Defenestration is defined as the act of throwing (or sometimes slow-motion punching) somebody out of a window. We see this activity glorified, nay encouraged by the media on an almost daily basis. But little mention is ever made of those who pick up the pieces afterwards - the under-appreciated men who tirelessly patrol the streets of our country every night, throwing those people back in. Without these exceptional individuals, our cities would be brimming over with the defenestrated, but like true heroes, these men are humble and modest about their duty, and claim they are "just doing their job". But I and a growing number of others believe their selfless actions should be more widely publicised and celebrated. That's why I am dedicating this blog entry to The Refenestrators.
I went to an airshow at Duxford on Saturday with dad, Justin, Shane and his daughter, which was excellent. We were able to get in free by virtue of my brother's Mob Connections, which was also excellent. I filled my camera with images, too many to post here, so instead you can follow this link to aeroplaney goodness: http://www.maj.com/cgi-bin/gallery.cgi?f=97511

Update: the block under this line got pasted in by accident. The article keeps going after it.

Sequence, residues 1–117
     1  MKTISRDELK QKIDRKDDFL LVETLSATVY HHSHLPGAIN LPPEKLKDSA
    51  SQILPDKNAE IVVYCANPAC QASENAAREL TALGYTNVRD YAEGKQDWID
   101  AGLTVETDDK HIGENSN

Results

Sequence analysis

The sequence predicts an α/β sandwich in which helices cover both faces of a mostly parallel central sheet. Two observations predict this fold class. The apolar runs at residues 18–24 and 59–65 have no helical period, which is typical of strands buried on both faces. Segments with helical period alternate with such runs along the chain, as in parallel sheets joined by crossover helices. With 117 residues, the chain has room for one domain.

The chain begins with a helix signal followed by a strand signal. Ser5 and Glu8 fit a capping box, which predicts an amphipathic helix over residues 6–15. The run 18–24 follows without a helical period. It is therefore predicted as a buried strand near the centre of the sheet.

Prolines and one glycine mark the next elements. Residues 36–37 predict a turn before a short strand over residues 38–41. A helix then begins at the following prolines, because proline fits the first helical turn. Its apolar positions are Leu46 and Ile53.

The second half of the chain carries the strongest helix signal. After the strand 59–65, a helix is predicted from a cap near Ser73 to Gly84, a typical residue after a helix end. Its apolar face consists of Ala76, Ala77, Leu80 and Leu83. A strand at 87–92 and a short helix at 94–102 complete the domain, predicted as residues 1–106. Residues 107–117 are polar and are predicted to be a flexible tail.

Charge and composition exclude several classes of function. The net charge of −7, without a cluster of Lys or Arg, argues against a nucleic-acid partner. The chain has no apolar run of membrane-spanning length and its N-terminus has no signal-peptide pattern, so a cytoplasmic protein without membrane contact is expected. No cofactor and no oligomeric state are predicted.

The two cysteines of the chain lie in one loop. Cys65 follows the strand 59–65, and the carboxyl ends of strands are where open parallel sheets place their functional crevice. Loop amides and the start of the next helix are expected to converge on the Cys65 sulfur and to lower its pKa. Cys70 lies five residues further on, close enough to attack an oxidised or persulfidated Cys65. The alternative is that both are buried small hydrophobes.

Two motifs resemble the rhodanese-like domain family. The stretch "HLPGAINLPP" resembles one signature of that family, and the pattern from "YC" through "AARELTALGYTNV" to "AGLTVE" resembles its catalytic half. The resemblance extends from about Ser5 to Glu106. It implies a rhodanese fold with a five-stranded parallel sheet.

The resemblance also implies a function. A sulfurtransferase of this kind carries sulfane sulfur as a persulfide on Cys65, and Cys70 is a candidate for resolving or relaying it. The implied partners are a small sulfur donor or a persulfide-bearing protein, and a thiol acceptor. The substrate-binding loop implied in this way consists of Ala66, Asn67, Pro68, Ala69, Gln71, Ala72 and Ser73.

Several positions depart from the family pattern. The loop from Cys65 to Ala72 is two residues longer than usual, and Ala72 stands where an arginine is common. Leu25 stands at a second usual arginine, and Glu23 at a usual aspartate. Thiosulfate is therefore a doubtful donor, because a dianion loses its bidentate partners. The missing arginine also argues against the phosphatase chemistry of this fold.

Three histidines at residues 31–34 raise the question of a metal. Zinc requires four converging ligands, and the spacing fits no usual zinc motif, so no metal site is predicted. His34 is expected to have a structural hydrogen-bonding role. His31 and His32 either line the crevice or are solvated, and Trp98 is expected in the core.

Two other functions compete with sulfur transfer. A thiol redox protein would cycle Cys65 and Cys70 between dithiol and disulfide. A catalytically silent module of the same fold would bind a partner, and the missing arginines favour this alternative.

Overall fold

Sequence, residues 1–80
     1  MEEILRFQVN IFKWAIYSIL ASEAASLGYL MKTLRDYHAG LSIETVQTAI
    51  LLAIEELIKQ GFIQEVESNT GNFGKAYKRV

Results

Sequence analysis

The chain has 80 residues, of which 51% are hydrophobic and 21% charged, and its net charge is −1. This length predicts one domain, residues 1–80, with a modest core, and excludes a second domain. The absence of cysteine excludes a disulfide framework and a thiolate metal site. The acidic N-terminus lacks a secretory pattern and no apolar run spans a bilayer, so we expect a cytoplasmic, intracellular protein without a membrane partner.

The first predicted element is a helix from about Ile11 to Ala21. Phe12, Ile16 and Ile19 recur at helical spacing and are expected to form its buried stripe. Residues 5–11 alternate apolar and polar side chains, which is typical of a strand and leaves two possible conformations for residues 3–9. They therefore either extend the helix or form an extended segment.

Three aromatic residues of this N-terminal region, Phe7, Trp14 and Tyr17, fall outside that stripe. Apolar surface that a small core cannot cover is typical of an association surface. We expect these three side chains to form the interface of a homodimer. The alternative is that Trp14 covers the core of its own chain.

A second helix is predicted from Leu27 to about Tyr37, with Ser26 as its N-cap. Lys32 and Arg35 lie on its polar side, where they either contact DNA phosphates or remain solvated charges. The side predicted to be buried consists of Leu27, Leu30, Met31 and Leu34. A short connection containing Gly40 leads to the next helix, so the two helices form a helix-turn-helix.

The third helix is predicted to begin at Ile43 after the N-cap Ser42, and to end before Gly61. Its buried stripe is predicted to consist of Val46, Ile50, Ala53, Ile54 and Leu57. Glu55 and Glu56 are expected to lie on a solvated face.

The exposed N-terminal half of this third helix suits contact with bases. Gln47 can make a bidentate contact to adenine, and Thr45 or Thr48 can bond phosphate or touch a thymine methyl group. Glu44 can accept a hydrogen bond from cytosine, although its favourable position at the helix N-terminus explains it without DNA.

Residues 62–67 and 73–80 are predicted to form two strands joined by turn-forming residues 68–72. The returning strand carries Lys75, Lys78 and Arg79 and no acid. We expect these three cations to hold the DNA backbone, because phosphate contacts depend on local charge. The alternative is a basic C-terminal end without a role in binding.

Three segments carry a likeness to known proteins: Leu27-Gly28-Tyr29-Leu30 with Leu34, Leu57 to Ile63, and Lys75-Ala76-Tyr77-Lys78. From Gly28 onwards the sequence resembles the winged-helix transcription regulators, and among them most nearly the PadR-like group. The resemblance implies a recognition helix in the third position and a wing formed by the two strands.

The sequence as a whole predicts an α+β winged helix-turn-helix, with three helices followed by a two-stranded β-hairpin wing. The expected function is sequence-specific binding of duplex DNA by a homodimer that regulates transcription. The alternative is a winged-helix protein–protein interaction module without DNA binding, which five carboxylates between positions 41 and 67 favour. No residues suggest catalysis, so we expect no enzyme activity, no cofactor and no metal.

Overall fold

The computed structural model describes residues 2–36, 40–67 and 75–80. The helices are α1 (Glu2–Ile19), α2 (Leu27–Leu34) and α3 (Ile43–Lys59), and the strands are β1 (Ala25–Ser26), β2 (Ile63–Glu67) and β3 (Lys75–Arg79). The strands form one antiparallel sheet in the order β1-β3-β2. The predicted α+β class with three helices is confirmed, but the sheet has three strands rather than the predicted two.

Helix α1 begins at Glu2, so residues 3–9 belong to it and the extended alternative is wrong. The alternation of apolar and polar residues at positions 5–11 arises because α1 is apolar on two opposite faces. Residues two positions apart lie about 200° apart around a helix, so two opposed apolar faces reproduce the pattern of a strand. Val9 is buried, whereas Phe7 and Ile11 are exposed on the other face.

Despite rain, it was a great day out for all involved, and there were some pretty amazing things to see, including a Tornado jet (loudest noise I have ever, ever heard in my entire life) 12 spitfires in the air simultaneously (first time I have ever been emotionally affected by the sight of some aeroplanes) A B-17 flying fortress (accompanied by the commentator's absolutely hilarious, incoherent ramblings about Those Barmy Brussells Beauraucrats and their devilish schemes) plus various other aerial delights. There was also a big market selling all kinds of aviation paraphenalia, and in among the endless stalls selling incomplete Airfix models, I found a couple of unbelievably cheap army surplus stalls where I got an ammo box, a hat for Claudia, and an old US Airforce jacket, with "U.S. AIR FORCE" written on it. At another stall I noticed there was a box full of old army and airforce name tags, possibly wrenched from the stilll-warm corpses of American servicemen. Anyway, they were only 50p each, so I got one for my jacket. I am now "FLYNT". Grr!
In other news, I heard "we" (the England cricket team) actually didn't lose the cricket for once, an event which has prompted thousands of people to flock to Trafalgar Square to pay homage to the "heroes" for doing what they were paid an absolutely jaw-dropping sum of money to do. Not that I'm having a go or anything. It's great that they won but the media is always so hasty to label victorious sportsmen as heroes, while the people who work constantly to save people's lives barely get a look-in. People like doctors, policemen, firefighters and refenestrators need to be paid their due.